Some Pennsylvania residents begin the divorce process thinking something along the lines of, “Well, I’m not rich, so property division shouldn’t be too hard,” only to eat their words later on.
Certain types of assets are harder to divide than others. Even if you don’t have a lot of assets, you may have a tough time if you have certain types of complex assets. And some of these assets may be more common than you think.
Retirement accounts in divorce
One such complex asset is a 401(k) retirement account. These are commonly offered by employers as benefits to their employees, and some sources state that 60 million Americans contribute to a 401(k).
The basic principle behind a 401(k) is that the owner contributes money to the account during their working life, to be withdrawn after they retire. The account increases in value over time, but the owner will face no taxes on these gains as long as they wait until after retirement to withdraw.
However, if an owner divorces before retirement, they will likely have to divide the 401(k) as part of their property division. If they simply withdraw from the account at that time, they will face taxes and other penalties that will greatly reduce the account’s value, leaving both former spouses without crucial funds for their retirements.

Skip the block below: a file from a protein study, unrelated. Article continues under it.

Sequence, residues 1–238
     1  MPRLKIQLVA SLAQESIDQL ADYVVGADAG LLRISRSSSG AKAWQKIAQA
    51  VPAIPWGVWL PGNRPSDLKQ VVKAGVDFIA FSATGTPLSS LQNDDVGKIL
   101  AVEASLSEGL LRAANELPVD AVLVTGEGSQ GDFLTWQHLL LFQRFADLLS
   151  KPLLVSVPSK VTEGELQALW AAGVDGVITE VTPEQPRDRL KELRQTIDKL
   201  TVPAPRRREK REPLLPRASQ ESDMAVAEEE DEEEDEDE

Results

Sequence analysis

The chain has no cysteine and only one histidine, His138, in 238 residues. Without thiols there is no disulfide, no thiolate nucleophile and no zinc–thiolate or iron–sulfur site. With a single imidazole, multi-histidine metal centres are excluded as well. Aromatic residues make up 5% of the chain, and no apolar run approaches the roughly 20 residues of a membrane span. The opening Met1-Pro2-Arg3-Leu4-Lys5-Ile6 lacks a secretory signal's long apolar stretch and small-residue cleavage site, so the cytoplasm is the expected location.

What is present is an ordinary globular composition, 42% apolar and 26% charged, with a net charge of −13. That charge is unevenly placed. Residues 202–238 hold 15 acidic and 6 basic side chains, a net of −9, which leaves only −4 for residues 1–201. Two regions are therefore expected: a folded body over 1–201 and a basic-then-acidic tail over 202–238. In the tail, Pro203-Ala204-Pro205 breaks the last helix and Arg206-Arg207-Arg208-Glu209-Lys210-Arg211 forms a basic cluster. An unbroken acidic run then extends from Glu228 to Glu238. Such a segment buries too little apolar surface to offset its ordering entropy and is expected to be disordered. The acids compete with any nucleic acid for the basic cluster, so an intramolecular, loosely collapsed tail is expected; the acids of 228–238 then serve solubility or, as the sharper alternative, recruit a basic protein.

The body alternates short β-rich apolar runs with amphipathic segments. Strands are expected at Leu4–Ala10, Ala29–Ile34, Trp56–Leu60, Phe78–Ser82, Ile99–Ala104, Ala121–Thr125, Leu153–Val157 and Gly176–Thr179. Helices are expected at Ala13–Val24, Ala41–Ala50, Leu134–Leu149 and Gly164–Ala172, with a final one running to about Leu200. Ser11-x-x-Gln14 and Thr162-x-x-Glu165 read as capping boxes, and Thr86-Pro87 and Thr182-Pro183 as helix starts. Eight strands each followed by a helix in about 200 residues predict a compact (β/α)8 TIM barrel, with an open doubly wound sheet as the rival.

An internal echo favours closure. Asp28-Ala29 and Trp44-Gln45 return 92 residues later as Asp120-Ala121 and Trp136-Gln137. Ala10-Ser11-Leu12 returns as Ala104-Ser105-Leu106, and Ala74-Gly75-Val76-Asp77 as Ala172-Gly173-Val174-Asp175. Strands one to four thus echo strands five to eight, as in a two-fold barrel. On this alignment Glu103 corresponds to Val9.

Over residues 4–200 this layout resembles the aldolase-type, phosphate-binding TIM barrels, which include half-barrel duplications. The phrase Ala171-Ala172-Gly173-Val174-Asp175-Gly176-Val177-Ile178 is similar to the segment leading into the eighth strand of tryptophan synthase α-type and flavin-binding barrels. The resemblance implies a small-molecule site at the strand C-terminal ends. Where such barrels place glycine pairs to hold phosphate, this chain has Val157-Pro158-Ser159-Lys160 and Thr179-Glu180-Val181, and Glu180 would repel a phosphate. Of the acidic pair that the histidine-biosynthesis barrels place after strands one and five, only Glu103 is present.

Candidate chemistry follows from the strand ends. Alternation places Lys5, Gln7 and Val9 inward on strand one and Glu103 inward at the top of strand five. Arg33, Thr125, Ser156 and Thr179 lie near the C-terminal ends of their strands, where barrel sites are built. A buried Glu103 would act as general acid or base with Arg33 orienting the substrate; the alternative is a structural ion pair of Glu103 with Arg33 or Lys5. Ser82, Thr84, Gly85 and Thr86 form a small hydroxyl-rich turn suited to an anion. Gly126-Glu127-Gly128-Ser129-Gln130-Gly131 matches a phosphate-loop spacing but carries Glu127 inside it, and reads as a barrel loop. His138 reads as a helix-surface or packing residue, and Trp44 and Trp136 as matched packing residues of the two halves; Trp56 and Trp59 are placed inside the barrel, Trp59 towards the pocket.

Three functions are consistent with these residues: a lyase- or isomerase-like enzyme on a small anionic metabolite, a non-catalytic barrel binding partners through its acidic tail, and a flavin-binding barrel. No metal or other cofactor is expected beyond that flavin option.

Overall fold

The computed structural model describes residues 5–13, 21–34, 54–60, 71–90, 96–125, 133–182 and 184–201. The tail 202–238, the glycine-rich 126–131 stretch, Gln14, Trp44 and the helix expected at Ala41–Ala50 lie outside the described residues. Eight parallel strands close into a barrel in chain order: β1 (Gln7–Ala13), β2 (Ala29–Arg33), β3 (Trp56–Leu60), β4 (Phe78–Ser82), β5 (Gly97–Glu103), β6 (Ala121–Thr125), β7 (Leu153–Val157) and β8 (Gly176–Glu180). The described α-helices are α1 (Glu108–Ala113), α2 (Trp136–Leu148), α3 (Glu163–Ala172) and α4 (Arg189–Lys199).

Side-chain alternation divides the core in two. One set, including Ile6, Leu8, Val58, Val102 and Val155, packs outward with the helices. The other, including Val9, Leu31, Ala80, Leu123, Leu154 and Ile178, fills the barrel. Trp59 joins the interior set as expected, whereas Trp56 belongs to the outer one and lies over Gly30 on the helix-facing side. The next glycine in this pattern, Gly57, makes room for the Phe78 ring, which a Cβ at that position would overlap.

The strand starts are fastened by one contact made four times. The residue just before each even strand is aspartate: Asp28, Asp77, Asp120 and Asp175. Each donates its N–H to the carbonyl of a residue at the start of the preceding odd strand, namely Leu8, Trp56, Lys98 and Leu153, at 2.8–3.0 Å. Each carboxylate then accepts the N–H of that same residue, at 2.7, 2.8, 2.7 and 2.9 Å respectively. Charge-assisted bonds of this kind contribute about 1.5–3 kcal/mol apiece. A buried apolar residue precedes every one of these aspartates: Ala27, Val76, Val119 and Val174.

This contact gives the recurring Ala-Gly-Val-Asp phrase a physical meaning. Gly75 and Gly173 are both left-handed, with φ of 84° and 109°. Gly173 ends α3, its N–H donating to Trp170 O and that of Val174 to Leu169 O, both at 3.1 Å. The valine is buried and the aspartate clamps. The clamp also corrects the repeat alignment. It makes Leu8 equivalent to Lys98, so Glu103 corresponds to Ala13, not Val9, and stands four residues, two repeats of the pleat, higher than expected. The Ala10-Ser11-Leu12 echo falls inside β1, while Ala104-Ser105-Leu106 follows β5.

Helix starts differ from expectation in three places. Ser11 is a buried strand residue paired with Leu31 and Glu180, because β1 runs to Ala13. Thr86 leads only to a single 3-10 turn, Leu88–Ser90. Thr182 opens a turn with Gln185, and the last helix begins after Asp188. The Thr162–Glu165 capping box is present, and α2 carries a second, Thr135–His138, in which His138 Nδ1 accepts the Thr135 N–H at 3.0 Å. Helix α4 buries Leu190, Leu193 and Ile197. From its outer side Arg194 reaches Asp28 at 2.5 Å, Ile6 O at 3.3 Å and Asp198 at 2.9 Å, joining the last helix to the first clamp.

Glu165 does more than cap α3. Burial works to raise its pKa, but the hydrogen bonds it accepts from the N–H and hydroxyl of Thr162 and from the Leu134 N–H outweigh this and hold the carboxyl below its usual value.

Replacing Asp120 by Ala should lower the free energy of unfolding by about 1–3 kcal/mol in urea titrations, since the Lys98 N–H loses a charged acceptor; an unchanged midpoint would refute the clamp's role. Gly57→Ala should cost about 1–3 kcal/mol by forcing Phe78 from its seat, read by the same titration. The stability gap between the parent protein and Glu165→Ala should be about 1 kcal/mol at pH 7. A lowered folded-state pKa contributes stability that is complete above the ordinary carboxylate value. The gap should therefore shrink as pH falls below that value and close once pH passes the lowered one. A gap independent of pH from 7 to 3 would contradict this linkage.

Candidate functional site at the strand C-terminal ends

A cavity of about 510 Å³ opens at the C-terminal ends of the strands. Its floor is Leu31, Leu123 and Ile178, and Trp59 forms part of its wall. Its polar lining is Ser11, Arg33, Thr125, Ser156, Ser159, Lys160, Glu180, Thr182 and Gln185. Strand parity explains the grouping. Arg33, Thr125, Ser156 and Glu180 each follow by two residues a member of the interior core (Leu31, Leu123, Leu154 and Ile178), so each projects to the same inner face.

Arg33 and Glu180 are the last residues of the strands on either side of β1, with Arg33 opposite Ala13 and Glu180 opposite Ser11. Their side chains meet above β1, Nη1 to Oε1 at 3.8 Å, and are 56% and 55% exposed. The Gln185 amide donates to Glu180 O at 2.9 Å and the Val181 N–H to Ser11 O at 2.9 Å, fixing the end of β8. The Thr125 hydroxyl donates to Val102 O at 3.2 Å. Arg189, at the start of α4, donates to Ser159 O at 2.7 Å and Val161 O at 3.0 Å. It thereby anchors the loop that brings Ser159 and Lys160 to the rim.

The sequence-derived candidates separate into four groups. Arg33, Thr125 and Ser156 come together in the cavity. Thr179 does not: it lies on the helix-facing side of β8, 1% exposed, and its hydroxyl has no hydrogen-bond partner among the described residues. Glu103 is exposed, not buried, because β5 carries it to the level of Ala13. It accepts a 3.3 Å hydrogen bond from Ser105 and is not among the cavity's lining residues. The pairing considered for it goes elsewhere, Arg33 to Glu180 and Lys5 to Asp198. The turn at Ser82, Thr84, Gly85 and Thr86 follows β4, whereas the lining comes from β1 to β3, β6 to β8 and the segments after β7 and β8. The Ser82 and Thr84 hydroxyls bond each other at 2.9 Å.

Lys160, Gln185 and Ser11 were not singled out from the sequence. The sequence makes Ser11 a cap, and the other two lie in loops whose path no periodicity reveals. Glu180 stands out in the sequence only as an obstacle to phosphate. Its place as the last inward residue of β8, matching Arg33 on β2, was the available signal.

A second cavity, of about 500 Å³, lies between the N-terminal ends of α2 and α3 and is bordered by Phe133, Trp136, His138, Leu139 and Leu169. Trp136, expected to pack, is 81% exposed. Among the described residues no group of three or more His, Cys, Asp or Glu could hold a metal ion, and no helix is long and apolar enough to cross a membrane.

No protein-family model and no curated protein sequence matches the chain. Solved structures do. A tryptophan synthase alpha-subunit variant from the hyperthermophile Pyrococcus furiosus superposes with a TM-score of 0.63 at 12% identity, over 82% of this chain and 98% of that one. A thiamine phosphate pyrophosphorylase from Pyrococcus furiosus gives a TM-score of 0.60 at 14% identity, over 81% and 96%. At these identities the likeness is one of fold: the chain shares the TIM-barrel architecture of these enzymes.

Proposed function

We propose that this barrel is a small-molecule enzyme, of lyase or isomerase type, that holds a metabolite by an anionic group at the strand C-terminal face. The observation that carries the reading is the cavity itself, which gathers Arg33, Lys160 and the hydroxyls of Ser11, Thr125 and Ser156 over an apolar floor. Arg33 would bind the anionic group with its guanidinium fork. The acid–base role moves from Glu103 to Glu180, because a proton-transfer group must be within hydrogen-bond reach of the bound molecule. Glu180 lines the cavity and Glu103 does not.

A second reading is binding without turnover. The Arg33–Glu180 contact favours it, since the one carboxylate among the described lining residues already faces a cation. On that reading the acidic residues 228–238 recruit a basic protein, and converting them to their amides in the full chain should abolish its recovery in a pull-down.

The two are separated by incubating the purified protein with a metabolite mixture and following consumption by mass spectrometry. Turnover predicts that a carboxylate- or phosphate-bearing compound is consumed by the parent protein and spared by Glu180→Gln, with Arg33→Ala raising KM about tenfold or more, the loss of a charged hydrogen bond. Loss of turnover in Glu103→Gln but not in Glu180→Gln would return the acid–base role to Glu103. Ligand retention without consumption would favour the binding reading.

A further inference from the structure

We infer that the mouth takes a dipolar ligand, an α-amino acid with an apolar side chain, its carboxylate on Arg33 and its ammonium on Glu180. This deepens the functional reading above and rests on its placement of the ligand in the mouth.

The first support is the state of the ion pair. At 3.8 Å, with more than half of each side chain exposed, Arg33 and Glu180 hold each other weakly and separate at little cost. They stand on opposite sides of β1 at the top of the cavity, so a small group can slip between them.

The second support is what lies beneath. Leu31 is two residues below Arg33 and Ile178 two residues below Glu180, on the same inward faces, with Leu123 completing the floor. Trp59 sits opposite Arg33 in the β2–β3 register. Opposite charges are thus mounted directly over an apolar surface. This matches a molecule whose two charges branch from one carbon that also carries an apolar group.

The most common way around this problem is through something known as a Qualified Domestic Relations Order, or QDRO. This is a type of court order instructing a financial institution to divide a retirement account without incurring taxes and other penalties.
A court can use a QDRO to reach into an otherwise-protected account for the purposes of collecting money for certain purposes, such as for a court judgment or unpaid child support.
In a divorce case involving a 401(k), the court will instruct the financial institution to divide the assets in the account according to the terms of the divorce judgment or settlement, with part of the money remaining in the account for the original owner and part going to their soon-to-be ex-spouse.
There are several ways a QDRO can arrange for this payment. One is known as a separate interest arrangement. In this type of action, the soon-to-be ex receives their share of the account in the form of their own new account. This may be another 401(k), an IRA or another type of retirement account.
In this way, both spouses can keep the benefits of tax-free accounts to fund their retirements.